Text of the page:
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Monday, July 28, 2014

Planes: Fire & Rescue 2014 * * 1/2 Stars

Planes: Fire & RescueDirector: Roberts Gannaway
Year: 2014
Rated PG
Rating: * * 1/2 Stars
Cast: Ed Harris, Dane Cook, Julie Bowen

Planes: Fire & Rescue (the animated film I'm about to review) is pretty much about talking planes. Don't worry though, you'll still get to see a host of talking cars as well. As expected, "Rescue" is clearly a spin-off, a sequel, and an influx of inspiration spawned from 2006's highly successful Cars. There were parts of it that I liked being the obvious yet clever mix of adult/kid humor, parts of it that I could have done without such as the uneven combination of hard rock and country songs in the soundtrack (for kids films, I'm OK with just some feasible background music), and parts of it that didn't quite add up to a whole ("Rescue's" short running time for instance, is a poultry 83 minutes). My mixed review is ultimately gonna stem from the fact that I wasn't able to see it in 3D. If I did though, I think I would have enjoyed it more (I saw it in the more traditional, 2D cropping style). The computer animation is lush and the way certain scenes are cut and angled, I'm thinking that what's on screen might have catered more to a 3D setting. Perhaps I could upgrade to a more positive review via a second viewing by wearing those goofy, plastic blue glasses. Only time will tell.

Directed by Roberts Gannaway (who subsequently does some of the voices in his films as well) and meshing effectively, the adage of a humanistic-laden background combined with the palate of an animated background (just like with 2013's Walking with Dinosaurs), Planes: Fire & Rescue follows one crop duster plane turned racing phenom in Dusty Crophopper (voiced by foul-mouthed comedian Dane Cook who's vocal delivery seems tailor made for the role). As "Rescue" opens with some high flying, eccentric-looking stunts, Dusty is glowing from being crowned the Wings Around the Globe race winner (the main event or plot point that occurred in Planes). However now, he can't gain speed or race like he wants to because his quote unquote "gear box" has become damaged. This provokes Dusty to take a break from the whole racing scene and train to become a firefighter. He is aided and put through the ringer sort of speak by a helicopter commander (and former TV star quiet as it's kept) named Blade Ranger (voiced by the venerable Ed Harris).

As mentioned earlier, "Rescue's" greatest strength lies in its ability to throw in a zinger or two. This keeps the adults happy (most kids can't go to the movies alone so the parents, aunts, and uncles have to accompany them) and garners a few chuckles along the way (with my nephew sitting beside me, I actually laughed out loud once or twice). The humor featured is cultural referenced, pun induced, and even celebrity based (a version of the actor Burt Reynolds is assigned to a talking boat and his name is "Boat" Reynolds, get it?). There's nothing racy or satirical about it so I was actually scratching my head trying to figure out why the MPAA board gave it a PG rating. Regardless, I remembered the following tidbits: 1. there's a bar where sleek cars and even sleeker planes go to called "Honkers" (ha ha). 2. a male car actually hits on a female car in said tavern and the female says, "I don't really like pick up trucks" (get it, pickup trucks). 3. an older car announces to everyone in context, "I have gas" (ha ha, knee-slapper). 4. some of the planes prefer to drink a "motorjito" (as opposed to a mojito). 5. and finally, a show playing on television in "Rescue" is entitled "CHoPPs" (or choppers which is a slang term for helicopters). It's the aerial version of CHiPs and if you were alive when that show aired, the theme song still rocks!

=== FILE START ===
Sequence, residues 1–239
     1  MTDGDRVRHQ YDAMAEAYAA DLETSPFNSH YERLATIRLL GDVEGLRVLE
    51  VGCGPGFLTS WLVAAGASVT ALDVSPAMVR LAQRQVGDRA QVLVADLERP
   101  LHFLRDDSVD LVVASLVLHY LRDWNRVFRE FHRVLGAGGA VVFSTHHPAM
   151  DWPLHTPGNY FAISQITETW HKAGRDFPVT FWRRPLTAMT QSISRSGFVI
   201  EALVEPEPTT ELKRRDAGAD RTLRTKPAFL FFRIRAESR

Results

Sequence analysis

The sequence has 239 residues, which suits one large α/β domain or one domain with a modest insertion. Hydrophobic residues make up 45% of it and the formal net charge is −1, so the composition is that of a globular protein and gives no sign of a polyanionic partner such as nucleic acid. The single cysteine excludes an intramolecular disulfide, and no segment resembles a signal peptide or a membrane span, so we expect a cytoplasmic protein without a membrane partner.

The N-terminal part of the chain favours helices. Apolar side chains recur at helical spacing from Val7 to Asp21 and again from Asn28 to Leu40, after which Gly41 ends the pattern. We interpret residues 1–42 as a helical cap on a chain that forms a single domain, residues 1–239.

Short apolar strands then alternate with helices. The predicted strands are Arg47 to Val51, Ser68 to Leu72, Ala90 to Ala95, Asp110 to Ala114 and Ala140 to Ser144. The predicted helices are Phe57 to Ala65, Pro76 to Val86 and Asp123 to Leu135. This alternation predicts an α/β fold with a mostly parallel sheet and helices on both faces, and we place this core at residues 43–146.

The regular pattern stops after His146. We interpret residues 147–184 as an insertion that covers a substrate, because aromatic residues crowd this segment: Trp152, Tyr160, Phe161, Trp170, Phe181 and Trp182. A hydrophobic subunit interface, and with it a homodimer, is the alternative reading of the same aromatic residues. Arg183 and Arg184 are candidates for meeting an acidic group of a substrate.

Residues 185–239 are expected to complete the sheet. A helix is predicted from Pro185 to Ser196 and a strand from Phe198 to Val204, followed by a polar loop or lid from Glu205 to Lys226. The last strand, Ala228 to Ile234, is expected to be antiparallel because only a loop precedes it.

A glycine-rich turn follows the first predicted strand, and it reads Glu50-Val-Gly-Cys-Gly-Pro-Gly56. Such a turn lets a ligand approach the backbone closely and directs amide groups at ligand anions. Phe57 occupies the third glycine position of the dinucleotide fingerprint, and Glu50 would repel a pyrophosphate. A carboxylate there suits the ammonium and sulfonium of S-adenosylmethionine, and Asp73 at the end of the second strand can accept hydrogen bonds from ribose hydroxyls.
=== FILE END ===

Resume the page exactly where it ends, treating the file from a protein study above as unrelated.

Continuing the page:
All and all, Planes: Fire & Rescue is short, brainless, contains an unsatisfying conclusion (does the main character go back to racing or frolic in the aspect of saving countless firestorm victims? We never really know for sure), and feels completely rushed to hinder to its quick-minded, closing credits. With neither a hint of another upcoming sequel or possibly a funny outtake sequence (all the computer-animated films seem to hightail this trend), "Rescue" feels undernourished and ultimately unfinished. In the future what's left, a computer generated, inspired farce called Trains (you know, a flick about talking locomotives who's personas don't creep you out like the ones in 2000's Thomas and the Magic Railroad)? Who knows for sure. Planes: Fire & Rescue isn't the least bit terrible as turn-the-brain-off entertainment. Editing wise though, it probably needed to be "rescued" from itself.

Written by Jesse Burleson

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